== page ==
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After Suspicious Death, Guard Laid To Rest

Angela Durkin holds the flag given to her by the National Guard following funeral services for her daughter, Massachusetts Army National Guard Specialist Ciara Durkin, at St. John The Baptist Church in Quincy, Mass, Oct. 6, 2007. Specialist Durkin was found fatally shot in the head on Bagram Air Base, where she was serving, in Afghanistan on Sept. 28. (AP Photo/William B. Plowman)
AP Photo/William B. Plowman
A member of the Massachusetts National Guard found dead under suspicious circumstances in Afghanistan was laid to rest in her hometown of Quincy Saturday.

Specialist Ciara Durkin was discovered, with a single gunshot wound to her head, in a secure area of Bagram Airfield last month.

On Saturday the 30-year-old, born in Ireland and raised in the United States, was buried with full military honors. Durkin was promoted posthumously to corporal.

Residents held flags in silent tribute to the fallen hometown soldier.

Joe Brill of Quincy said, "The least we could do is thank this young woman for giving her life and serving our country," CBS Station WBZ reported.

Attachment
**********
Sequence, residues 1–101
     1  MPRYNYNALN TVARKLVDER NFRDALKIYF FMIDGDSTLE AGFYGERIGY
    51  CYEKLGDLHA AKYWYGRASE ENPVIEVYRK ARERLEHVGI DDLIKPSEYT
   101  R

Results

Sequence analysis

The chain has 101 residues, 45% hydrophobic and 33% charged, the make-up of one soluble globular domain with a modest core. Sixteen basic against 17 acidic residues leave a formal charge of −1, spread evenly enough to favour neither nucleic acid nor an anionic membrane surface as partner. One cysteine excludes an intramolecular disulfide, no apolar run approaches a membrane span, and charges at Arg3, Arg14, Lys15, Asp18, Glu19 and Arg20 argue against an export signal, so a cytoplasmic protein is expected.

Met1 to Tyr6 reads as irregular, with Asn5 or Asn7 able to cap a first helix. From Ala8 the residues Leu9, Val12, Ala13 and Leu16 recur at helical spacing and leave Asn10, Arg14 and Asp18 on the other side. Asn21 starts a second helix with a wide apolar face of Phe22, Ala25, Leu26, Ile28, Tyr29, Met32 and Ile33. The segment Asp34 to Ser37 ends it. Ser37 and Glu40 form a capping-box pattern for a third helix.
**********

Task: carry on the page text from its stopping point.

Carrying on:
The service held at St. John the Baptist Church in Quincy was also attended by Governor Deval Patrick and Senator John Kerry.

Her brother Pierce delivered a eulogy, recalling his sister's selflessness and ready smile. Her large family sat next to her flag-draped coffin.

Writing from Afghanistan, Durkin's commander said her loss "creates a hole in our hearts and our formation."

"Corporal Durkin's unparalleled devotion to duty, attention to detail and selfless service contributed significantly to the success of the mission," said Marine veteran Frank Downes.

Durkin was remembered by Major General Joseph Carter, Adjutant General of the Massachusetts National Guard, for the way she cared for fellow soldiers. Carter also recalled her commitment to her mission.

She had joined the Army National Guard in October 2005 after getting laid off from her information technology job. Her duties included making sure the finances of soldiers were in order and that their families were getting benefits.

The death of Durkin, who was found dead within the confines of a secure air base on September 28, were made more mysterious by news she told her family while visiting home three weeks before she was killed. Durkin's said Ciara told her she had "discovered some things I don't like and I made some enemies because of it," and asked if anything happened to her, to make sure it was investigated.

Her family initially complained that military officials told them she was killed "in action," but then later said she died in a "non-combat related incident."

Durkin's family met with Army investigators this week and were reassured everything was being done in the investigation. The family discounts the possibility of suicide.